Public will versus govt apathy

Wednesday, 26 February 2020

Foreign tours too have become very common nowadays.

His nomadic routine often taking him to lands hitherto unexplored, man’s ‘itinerant exploits’ have introduced him to the wonders of travelling right from the early times.

It has become much more affordable and convenient in recent years. More and more people are shedding their inhibitions and embarking on pleasure trips to various locales across the country. Foreign tours too have become very common nowadays.

Online travel portals like ‘Make My Trip’ and ‘Trip Advisor’ to name a few, have also spared no efforts in making tours and travel the most avid pastime of the modern era. Exploring new places and appreciating the beauty that nature opens out for the visitor forms the crux of any excursion.

Although many travellers love seeing famous monuments, exploring new cultures have often provided the most worthwhile travel experiences. Getting to know about the locals and their lifestyles helps the holidaymaker to get an in depth knowledge of the region.
Local food being a fundamental component of a destination’s attributes, eating traditional food and cuisine is an integral part of the travel experience for the tourist.

In more recent times, tourism has opened up new vistas that have enhanced the joys of travelling. The mountains, rivers, the sea and the beaches; all of these have been given the necessary tourism ‘makeover’ to make them all the more attractive for visitors.

Exploiting the natural bounties, the government and the stakeholders in every State have showcased the uniqueness of their land to increase the tourism footfalls in the region.

Attaining the status of an industry by itself, tourism has gradually evolved as the chief economic lifeline of many States in the country.
However, it is quite disappointing to have the same places in the State featuring as ‘exotic locales’ for years at a stretch with travel operators making little or no efforts to promote new destinations to hold the interest of the prospective tourists.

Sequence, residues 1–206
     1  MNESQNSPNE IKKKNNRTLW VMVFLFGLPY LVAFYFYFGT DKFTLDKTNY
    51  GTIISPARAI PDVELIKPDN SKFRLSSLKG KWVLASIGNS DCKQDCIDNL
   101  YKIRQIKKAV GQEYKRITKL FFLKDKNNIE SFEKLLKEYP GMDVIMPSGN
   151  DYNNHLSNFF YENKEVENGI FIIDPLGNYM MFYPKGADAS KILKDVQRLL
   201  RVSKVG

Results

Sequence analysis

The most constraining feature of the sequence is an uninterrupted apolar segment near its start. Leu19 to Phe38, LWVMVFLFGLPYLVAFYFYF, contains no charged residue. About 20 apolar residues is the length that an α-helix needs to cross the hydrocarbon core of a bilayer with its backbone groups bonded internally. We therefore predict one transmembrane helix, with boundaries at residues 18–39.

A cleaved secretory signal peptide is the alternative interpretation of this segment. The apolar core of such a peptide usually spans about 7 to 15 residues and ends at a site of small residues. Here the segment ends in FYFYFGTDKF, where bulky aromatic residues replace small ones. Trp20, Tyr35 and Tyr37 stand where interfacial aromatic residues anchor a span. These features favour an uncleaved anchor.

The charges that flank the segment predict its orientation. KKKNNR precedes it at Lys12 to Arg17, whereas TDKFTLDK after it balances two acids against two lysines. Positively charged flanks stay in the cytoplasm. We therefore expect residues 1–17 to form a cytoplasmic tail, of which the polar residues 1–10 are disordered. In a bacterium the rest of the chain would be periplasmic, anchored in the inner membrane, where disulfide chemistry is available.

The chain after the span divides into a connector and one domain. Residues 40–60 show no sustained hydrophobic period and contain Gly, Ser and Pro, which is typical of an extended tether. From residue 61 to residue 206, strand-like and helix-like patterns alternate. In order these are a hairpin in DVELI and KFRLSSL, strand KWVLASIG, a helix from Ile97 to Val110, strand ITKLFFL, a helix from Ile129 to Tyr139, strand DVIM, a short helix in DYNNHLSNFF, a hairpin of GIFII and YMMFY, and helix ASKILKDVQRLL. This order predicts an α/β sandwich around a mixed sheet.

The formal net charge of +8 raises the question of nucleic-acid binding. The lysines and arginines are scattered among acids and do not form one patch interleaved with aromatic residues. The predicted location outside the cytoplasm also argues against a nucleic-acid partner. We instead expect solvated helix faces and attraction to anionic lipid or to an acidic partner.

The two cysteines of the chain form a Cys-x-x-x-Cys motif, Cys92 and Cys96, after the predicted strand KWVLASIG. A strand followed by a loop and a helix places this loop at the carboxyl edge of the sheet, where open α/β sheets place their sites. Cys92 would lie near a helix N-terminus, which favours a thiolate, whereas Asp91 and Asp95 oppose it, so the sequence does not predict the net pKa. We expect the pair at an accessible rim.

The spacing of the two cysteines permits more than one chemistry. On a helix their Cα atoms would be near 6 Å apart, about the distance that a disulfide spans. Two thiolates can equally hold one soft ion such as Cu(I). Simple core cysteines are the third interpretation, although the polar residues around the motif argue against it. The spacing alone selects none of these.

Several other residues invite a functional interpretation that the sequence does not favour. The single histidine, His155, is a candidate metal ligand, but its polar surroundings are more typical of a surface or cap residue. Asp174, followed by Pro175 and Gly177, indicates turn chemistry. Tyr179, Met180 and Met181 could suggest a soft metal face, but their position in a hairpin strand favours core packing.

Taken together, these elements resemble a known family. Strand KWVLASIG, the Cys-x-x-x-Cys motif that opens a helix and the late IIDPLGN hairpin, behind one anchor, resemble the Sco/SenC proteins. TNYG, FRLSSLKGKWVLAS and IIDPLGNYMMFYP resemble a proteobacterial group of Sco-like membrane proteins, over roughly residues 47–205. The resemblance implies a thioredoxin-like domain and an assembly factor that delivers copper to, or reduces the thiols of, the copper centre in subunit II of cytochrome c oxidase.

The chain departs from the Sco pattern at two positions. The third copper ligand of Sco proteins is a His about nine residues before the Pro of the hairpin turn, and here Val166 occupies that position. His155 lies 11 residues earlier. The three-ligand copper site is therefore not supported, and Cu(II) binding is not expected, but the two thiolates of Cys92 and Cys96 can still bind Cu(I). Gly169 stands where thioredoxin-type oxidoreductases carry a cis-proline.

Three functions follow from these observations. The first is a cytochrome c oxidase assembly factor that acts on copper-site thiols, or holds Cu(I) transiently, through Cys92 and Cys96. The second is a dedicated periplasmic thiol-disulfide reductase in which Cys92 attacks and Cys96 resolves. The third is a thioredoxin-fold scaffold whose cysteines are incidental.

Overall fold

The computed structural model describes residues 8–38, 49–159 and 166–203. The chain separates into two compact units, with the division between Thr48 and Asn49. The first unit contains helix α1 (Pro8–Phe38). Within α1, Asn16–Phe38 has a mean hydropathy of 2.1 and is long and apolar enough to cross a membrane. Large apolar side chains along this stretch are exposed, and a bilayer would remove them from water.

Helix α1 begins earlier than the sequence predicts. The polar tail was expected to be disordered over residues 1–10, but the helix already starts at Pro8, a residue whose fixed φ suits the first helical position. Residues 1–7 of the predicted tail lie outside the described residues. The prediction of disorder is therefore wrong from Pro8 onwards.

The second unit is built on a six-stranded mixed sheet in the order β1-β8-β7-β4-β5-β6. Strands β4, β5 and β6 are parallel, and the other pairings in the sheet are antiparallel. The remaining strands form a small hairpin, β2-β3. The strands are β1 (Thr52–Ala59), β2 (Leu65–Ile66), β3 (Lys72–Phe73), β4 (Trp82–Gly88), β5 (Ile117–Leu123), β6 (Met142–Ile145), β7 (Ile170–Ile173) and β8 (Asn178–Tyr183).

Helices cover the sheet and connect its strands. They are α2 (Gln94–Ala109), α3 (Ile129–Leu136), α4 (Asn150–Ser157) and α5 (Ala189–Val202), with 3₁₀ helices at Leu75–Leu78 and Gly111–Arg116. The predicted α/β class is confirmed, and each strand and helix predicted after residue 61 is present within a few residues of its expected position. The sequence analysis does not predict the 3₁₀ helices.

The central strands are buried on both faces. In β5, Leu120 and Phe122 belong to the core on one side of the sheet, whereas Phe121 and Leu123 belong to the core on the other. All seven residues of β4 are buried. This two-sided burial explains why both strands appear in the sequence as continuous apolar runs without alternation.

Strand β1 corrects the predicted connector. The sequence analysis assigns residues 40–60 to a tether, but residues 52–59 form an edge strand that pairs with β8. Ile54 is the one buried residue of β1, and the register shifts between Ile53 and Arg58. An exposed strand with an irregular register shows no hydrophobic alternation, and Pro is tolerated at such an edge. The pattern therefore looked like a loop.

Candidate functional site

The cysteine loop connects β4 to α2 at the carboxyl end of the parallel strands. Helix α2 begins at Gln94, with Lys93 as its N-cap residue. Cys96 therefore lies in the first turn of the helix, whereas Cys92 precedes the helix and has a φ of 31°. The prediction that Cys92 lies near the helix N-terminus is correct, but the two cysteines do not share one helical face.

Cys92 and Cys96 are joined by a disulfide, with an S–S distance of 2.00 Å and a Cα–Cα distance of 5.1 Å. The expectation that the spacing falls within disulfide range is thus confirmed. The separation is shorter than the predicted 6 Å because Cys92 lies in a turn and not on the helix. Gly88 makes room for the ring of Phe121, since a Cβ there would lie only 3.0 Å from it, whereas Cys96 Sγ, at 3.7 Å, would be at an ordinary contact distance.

There have been several instances of foreigners touring Goa on their own ‘discovering’ scenic spots that even the locals have not been aware of. ‘Stale’ itineraries are the undoing of a system of tourism promotion that refuses to shed it tried-and-tested methods.

The need of the moment is to have innovations guiding the grandiose schemes for the new-wave tourism the State government is intent upon. But the plans need to translate into action!

However, without being sardonic, we do need to concede that no sooner a visitor sets foot in our land, he is welcomed by the pathetic sight of our roads. So much has been shown and written about the deplorable condition of the Goan roads that it pains one to see the government sitting idle on the matter for years now.

Despite the issue having become an albatross around its neck, every government that has helmed the affairs of the State in recent times has been conspicuous by its inactivity on the deteriorating scenario with regards to the State of the thoroughfares.

The heaping mounds of accumulated garbage too do not bode well for a State that heavily depends on tourism to alleviate its sinking economy.
Hence when some concerned members of the public willingly step forward to do something about these civic issues, their selfless approach to the whole matter deserves appreciation.